To help ensure that it is partnering with companies and organizations that align with its vision for sustainability, GM has set carbon neutrality targets that it believes helps to raise the standards for its suppliers and partners.
GM expects its professional service partners to set goals that target 2025 for carbon neutrality. Manufacturers within the GM supply chain, Gersdorff said, should aspire to reach carbon neutrality goals by 2035, and raw materials and logistics partners should aim to do the same by 2038.
While participation in third-party verification of carbon neutrality initiatives is voluntary, GM looks to companies that have aligned with these verification initiatives. Certification from CDP and EcoVadis, for instance, help GM better track sustainability performance along its supply chain.
"It is critical that we understand the players in our supply chain because it helps us to start to define our strategy," Gersdorff said. "If we don't know what's in our supply chain, we can't possibly understand the risks in our supply chain. That means we can't adequately make a strategy to address the risks."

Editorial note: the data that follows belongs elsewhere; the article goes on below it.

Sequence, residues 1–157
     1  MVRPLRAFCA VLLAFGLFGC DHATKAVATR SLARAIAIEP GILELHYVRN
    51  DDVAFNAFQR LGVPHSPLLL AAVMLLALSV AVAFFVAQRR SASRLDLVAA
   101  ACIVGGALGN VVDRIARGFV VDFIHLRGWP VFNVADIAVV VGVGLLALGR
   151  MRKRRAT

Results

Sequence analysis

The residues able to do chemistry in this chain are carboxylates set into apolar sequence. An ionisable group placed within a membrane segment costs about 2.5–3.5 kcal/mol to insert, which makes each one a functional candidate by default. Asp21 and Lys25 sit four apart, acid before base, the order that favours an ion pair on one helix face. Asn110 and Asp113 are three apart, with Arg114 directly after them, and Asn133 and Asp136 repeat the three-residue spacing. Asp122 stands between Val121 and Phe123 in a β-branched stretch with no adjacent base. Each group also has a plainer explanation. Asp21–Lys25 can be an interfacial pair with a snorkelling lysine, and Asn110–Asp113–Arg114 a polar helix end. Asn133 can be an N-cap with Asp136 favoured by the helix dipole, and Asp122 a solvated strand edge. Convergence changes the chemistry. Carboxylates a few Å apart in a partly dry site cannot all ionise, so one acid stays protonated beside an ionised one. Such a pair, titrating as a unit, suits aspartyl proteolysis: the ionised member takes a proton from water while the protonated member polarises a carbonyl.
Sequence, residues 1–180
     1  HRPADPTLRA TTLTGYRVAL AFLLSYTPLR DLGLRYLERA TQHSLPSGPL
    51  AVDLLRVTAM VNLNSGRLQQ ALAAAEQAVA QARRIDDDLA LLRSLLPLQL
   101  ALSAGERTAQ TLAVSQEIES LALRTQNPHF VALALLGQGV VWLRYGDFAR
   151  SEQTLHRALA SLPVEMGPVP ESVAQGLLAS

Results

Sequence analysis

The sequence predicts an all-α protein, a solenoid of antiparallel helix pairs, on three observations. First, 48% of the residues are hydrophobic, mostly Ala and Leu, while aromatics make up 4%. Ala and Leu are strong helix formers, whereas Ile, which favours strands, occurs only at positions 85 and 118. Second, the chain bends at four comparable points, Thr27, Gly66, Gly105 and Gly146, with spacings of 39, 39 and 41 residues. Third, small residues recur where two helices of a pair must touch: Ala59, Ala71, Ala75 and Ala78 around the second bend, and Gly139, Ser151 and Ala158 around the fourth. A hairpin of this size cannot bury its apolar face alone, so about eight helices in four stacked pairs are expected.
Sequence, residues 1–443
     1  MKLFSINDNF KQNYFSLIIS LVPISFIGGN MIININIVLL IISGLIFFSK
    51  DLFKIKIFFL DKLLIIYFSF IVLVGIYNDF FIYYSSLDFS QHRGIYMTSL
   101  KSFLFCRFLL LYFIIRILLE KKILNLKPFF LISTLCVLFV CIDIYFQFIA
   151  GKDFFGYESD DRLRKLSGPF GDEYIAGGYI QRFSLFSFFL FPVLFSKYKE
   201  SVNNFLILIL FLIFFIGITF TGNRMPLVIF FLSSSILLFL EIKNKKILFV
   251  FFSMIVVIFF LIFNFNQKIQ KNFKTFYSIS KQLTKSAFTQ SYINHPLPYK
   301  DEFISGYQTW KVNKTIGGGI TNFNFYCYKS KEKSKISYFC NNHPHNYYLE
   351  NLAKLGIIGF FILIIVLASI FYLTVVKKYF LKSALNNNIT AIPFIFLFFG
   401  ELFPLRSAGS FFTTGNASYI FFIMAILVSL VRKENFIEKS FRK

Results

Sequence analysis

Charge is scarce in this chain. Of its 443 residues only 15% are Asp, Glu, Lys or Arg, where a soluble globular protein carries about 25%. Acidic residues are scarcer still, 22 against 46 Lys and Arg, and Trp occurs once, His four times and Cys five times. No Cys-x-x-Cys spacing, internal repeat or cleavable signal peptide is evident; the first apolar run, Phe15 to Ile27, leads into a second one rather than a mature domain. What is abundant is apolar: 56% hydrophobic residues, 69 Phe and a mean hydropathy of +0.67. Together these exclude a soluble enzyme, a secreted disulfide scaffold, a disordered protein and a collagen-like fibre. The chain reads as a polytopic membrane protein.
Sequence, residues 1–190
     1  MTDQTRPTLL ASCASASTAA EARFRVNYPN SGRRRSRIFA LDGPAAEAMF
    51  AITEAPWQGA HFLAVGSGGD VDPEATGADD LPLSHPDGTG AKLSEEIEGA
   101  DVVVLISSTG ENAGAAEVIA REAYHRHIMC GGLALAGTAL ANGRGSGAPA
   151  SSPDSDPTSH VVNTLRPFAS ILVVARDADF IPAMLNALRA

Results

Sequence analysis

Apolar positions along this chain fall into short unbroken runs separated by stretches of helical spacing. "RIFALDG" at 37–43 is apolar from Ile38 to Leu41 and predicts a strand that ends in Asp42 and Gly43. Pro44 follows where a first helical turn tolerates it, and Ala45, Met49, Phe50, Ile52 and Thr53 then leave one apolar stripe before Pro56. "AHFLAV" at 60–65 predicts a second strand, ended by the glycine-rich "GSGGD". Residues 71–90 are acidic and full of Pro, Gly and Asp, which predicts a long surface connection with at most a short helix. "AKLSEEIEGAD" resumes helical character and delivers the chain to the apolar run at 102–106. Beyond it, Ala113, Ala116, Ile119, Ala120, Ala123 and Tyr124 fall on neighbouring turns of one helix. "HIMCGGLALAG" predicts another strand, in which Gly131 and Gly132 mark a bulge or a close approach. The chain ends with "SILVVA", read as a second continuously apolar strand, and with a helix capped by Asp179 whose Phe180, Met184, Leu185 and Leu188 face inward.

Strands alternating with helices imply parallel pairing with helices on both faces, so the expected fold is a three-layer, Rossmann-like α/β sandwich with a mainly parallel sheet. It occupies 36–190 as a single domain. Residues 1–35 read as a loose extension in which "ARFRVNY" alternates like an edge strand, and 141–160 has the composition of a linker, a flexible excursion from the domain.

Understandably, Gersdorff said, the sustainability journey can feel overwhelming and, at times, perhaps impossible. But everyone within every company or organization has a critical role to play in shaping the direction of the entity. The work each person does to push a given company toward its sustainability goals pushes the entire industry forward.
And the good news about individuals taking responsibility for the sustainability future, he added, is that leaders emerge—maybe even in places you least expected.
"We need each of us to be leaders. Not only for our institutions at the top," Gersdorff said. " … Who is stepping up? Who is going to be the next leaders in sustainability? We need to be looking for these folks, we need to be investing in these folks, educating them, giving them opportunities. This is critical for our futures."